And as for his other views, It seems to me that what is meant by '"The smallest unit of prose that can be thought of as translatable is the sentence and it is not incorrect, at most an exaggeration, to say that the real unit is the entire text." (Waldrop 100) While this seems holistic and unhelpful at times "OK, so how does that help me with this one clause," it seems to be a fallout from a higher principle, that meaning is encoded on multiple levels, and that one must make judgment calls where appropriate. But the author built up text-level meaning from...well, individual words.

My main principle, if I had to elaborate it, in dealing with Fuks was "look to the author above yourself, except where forced otherwise, for you're not as clever as you think you are." I guess it's easier to render as "Trust the author." Perhaps this is only valid due to my experiences with a sparse yet rigid structure, and with sentences lending themselves to literal translation. But if he could build meaning and sense that way in Czech, I don't see the need to dick around with it in English.
In any event, I'm sure I fucked up my share of things. It's certainly a very personal, and, quite simply, a ridiculous endeavor. *shrugs* It keeps everyone else from having to learn Czech, and, as it's not the original and never will be, perhaps it must hint at compromises made and sense lost. We wouldn't want to make the language obsolete.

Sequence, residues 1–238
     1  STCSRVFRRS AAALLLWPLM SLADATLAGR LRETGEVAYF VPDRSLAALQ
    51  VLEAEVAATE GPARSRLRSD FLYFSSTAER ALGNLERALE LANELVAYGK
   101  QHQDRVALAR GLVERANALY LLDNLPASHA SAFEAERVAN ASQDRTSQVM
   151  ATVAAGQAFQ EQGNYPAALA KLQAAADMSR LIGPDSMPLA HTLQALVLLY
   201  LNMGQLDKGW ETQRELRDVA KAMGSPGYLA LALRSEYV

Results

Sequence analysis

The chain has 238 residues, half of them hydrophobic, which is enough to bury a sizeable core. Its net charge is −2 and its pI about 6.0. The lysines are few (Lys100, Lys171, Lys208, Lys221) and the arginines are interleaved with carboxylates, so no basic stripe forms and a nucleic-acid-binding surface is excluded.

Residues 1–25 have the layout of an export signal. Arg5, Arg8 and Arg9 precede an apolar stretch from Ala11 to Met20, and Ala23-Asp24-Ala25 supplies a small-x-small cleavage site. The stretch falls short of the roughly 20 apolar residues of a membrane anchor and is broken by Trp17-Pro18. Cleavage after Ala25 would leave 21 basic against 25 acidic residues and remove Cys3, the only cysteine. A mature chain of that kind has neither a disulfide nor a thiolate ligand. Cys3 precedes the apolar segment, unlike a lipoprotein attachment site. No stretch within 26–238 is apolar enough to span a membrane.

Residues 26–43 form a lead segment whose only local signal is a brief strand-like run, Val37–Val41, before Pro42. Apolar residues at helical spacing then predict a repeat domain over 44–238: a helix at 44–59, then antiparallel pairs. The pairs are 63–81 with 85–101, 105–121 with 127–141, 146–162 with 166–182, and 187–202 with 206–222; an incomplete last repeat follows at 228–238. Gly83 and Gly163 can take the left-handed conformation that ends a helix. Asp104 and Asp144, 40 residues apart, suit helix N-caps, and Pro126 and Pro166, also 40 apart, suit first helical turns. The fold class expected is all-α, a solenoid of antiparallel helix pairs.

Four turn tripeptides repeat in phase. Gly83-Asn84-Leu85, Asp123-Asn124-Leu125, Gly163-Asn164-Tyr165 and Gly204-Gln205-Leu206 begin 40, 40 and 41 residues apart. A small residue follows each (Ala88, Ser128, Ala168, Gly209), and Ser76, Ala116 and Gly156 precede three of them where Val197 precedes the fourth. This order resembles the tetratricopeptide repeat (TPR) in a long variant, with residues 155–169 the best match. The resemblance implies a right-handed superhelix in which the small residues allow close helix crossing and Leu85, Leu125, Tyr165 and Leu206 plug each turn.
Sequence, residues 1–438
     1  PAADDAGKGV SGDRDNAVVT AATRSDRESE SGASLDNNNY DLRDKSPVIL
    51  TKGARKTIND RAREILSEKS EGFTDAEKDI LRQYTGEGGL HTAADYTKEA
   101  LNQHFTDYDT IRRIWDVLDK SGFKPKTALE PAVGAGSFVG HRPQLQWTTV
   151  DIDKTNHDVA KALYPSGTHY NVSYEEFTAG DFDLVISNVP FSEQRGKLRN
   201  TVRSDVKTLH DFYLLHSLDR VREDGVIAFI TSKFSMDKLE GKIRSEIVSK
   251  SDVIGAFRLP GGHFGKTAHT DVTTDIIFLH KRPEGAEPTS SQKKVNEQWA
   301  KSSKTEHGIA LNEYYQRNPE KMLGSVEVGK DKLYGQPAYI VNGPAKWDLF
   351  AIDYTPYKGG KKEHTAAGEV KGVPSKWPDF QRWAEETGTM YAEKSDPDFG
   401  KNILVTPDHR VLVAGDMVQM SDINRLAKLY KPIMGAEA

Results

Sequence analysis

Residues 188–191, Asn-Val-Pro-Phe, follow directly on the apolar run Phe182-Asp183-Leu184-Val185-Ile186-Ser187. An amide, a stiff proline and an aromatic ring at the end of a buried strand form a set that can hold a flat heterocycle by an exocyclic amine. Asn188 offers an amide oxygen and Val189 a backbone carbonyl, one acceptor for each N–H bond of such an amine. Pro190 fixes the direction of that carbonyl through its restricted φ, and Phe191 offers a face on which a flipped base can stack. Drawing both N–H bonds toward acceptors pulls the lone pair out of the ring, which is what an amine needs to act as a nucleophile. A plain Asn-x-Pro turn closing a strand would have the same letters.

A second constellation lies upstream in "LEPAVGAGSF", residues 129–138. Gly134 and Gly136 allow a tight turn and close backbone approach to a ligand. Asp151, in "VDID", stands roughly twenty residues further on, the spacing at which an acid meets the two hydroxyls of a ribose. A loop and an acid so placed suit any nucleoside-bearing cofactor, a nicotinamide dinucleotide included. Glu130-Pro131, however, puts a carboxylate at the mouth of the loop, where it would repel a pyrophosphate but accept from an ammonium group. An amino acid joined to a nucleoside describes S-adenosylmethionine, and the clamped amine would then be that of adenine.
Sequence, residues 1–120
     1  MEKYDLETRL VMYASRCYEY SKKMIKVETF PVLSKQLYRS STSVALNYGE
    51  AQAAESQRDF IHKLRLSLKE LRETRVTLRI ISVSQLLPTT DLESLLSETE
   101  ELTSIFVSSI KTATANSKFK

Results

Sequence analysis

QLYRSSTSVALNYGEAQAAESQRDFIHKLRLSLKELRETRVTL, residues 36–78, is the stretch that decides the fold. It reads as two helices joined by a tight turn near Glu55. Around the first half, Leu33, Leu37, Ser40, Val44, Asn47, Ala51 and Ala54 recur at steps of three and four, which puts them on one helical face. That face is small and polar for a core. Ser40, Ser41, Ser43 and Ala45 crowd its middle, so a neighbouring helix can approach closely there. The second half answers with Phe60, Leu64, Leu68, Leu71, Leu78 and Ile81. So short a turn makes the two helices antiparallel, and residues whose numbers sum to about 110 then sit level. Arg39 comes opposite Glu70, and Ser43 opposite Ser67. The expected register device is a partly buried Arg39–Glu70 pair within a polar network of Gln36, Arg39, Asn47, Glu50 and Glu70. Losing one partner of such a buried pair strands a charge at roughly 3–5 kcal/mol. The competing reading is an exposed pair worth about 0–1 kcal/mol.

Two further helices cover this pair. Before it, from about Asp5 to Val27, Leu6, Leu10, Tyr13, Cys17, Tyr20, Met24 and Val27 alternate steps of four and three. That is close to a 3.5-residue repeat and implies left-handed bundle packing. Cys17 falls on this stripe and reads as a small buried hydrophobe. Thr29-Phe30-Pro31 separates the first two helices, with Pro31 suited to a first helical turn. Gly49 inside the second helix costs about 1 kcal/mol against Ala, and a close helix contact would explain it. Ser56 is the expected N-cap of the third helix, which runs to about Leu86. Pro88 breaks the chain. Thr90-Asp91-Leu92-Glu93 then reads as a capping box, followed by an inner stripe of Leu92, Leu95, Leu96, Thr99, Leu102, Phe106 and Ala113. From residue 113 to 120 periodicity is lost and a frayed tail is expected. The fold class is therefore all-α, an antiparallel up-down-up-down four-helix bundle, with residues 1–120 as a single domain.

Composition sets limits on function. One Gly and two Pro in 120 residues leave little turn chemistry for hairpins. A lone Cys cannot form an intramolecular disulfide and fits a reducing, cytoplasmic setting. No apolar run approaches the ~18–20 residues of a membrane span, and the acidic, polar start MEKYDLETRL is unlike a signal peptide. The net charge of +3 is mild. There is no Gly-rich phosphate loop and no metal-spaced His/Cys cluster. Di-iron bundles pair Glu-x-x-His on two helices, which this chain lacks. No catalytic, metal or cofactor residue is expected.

And as for the ridiculous,

"In an attempt to make a prose version of one of the poems, I somehow tricked myself into making versets. It seemed, when I realized what I was doing, a ridiculous thing, but what is a little flirt with the ridiculous, compared with the immense impossibility of translating any literary text? " (105)

That I understand. Damned necessary enemies. Now I have to find more of his stuff.

Tuesday, August 16, 2005

Subtleties of narrative, or sometimes you can have too many footnotes.

In the Fuks text I've been dealing which, one of the main characteristics of the work, and, indeed, in his writing in general, is a sparse opacity when dealing with matters of timing, which complements the slightly surreal attitude that pervades throughout where characters and actions flit about and repeat themselves. There are offhanded references to a light spring breeze, a quarter of a year after Christmas, several weeks after the events of the preceding chapter, and so on. You can figure out when things are going on with a large degree of precision, but such things are not transparent.